Bad Bosses in Books

With Donald Trump in the White House, Americans have the bad boss from hell. Not only have his actions been a disaster for the U.S. and the world, but his “leadership” style has driven out a record number of almost-as-abysmal people from his administration.

Trump embodies the worst qualities of a bad boss. Mean, lazy, corrupt, cowardly, erratic, untruthful, incompetent, racist, sexist, homophobic, a sexual harasser, etc. So let’s take a look at some fictional bosses who, while mostly not as awful as Trump, are pretty darn substandard.

How about Captain Queeg of Herman Wouk’s enthralling Pulitzer Prize-winning 1951 novel The Caine Mutiny, which I just read? Queeg is a second-rate captain — not that skilled, cowardly, sadistic, a harsh disciplinarian on trivial matters, has the hypocritical philosophy of “do as I say not as I do,” just friendly enough at times to keep his crew off-balance, and, like Trump, blames underlings for his own mistakes. (Pictured at the top of this column is Humphrey Bogart as Queeg.)

Staying at sea for another paragraph, we of course have Captain Ahab of Moby-Dick, who deliberately puts the Pequod crew in danger as he seeks his irrational revenge on Herman Melville’s titular white whale.

Then there’s the faux-sweet Dolores Umbridge, of J.K. Rowling’s Harry Potter series, who temporarily becomes high inquisitor and then headmistress at Hogwarts. She rules the wizardry school in an unfair and ruthless manner (which includes vicious harassment of Harry), and is basically on the side of arch-villain Lord Voldemort.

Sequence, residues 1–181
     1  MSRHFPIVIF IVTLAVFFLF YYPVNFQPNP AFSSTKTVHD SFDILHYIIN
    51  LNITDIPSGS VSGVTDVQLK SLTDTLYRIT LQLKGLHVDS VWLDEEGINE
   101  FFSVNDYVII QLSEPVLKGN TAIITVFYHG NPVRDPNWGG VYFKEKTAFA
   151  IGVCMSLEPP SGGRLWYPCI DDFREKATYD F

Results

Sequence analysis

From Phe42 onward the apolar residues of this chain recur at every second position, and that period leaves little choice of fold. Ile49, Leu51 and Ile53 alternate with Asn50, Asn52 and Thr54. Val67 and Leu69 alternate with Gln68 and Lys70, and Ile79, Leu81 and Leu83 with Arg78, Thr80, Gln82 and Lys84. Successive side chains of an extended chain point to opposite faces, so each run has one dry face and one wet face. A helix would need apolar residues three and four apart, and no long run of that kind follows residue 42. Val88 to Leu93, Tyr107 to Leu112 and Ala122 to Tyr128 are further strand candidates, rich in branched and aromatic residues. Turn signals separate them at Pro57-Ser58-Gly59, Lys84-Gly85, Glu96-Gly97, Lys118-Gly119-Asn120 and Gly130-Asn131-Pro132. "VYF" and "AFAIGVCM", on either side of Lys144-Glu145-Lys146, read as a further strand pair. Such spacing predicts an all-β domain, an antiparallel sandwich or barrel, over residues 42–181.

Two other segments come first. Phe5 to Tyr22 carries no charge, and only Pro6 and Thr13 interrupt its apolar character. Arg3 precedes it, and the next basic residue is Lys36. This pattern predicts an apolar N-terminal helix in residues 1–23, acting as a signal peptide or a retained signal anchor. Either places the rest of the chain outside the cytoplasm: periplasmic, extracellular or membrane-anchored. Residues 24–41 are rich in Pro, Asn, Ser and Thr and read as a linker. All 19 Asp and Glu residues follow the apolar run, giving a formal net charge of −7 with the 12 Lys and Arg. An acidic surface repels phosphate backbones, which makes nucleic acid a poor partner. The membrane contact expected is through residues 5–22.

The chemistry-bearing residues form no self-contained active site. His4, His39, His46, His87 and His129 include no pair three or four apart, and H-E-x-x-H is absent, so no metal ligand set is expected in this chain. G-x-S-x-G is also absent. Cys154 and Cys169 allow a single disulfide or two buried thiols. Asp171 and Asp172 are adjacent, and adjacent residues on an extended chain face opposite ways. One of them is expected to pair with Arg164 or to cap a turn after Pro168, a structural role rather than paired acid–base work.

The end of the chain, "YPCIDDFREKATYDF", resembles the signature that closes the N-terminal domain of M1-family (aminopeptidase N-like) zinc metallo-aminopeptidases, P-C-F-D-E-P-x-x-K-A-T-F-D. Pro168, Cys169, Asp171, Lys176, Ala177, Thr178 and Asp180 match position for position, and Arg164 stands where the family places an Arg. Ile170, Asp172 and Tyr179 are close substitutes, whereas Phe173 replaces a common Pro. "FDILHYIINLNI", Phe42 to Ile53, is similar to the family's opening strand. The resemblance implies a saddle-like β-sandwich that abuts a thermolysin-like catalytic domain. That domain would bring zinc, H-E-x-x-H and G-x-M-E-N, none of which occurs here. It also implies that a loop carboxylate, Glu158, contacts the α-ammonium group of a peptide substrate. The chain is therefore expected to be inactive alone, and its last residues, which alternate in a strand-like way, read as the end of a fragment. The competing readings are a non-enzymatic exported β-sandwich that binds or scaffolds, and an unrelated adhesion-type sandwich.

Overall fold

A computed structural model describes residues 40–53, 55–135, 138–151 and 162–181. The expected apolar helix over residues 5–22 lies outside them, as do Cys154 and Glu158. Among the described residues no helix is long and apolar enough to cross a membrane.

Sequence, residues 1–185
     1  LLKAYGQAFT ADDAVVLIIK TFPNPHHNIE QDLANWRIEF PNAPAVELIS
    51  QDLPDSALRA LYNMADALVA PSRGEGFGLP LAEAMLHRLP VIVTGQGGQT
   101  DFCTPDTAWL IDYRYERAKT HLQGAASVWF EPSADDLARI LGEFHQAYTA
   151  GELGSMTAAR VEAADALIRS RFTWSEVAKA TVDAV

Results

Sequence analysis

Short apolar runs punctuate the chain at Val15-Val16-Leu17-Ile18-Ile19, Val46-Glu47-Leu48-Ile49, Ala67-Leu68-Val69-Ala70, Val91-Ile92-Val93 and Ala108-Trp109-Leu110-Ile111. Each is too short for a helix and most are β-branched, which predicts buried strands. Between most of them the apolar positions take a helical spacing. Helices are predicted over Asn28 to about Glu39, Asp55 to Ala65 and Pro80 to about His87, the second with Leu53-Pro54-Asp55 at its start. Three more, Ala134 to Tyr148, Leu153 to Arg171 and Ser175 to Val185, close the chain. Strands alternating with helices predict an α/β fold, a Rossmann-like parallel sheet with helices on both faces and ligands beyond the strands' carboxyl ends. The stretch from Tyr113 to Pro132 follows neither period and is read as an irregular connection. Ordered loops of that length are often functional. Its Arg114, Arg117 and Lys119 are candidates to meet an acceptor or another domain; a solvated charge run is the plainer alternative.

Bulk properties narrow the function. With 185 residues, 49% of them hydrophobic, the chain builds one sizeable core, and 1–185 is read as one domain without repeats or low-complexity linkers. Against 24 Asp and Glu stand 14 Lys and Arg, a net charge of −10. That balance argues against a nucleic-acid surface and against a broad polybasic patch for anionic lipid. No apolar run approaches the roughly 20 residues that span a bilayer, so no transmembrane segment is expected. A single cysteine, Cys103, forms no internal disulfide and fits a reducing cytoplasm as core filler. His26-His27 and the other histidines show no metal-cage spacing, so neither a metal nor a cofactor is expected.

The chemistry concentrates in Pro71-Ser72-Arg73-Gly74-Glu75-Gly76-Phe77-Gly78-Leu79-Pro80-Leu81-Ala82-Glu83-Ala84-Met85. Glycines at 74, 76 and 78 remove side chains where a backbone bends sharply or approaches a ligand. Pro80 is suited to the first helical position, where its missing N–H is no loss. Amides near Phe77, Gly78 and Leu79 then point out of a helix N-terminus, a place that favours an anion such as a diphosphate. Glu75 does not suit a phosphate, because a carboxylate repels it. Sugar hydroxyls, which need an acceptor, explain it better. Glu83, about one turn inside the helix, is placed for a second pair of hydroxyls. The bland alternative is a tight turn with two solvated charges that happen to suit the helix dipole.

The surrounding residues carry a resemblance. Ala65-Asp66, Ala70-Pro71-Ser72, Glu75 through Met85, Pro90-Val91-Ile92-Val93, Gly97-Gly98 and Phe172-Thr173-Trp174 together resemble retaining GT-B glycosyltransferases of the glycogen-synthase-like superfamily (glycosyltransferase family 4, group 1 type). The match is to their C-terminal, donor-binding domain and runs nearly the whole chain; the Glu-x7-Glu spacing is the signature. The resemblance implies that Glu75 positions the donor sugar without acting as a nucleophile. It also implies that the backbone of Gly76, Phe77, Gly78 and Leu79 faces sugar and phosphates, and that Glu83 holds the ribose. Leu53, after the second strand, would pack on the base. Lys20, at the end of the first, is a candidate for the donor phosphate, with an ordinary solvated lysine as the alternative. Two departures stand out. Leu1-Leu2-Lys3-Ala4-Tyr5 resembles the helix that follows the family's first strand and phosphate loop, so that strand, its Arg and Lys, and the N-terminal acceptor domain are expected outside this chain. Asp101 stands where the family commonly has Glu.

Umbridge eventually gets her comeuppance — exemplifying a satisfying potential plot rationale for having bad-boss characters in literature. Plus readers empathize with and root for the beleaguered underlings. But good doesn’t always triumph over evil in nasty fictional workplaces.

Of course, novels with workplaces that are depicted at least somewhat realistically will feature plenty of bad bosses. If not, they’re fantasy novels of a sort. 🙂

A boss doesn’t have to be on-the-scene to be crummy. In Richard Russo’s Empire Falls, wealthy widow Francine Whiting almost never visits the Empire Grill she owns, but makes life hell for the eatery’s mild-mannered manager Miles Roby. Why does Francine treat Miles that way? She’s a nasty control-freak, and the rich Whiting family and not-rich Roby family have a complicated intertwined history.

Another bad boss is Vinnie Plum, cousin of bounty-hunter protagonist Stephanie Plum in Janet Evanovich’s mysteries. Vinnie is lazy, a gambler, a sexual pervert, and contemptuous of his employees — despite those employees being much better workers and much better people than he is.

Then there’s the bank boss in Jules Verne’s Paris in the Twentieth Century who fires protagonist Michel Dufrénoy and his co-worker after they make just one mistake.

Also in the bad-boss club are — among others — Nurse Ratched of Ken Kesey’s One Flew Over the Cuckoo’s Nest, Miranda Priestly of Lauren Weisberger’s The Devil Wears Prada, and Ebenezer Scrooge (until he’s transformed) of Charles Dickens’ A Christmas Carol.

Which bad bosses in fiction are most memorable to you?

My 2017 literary-trivia book is described and can be purchased here: Fascinating Facts About Famous Fiction Authors and the Greatest Novels of All Time.

In addition to this weekly blog, I write the award-winning “Montclairvoyant” topical-humor column for Baristanet.com. The latest weekly piece — about dance vs. gym, an unauthorized hotel addition, and more — is here.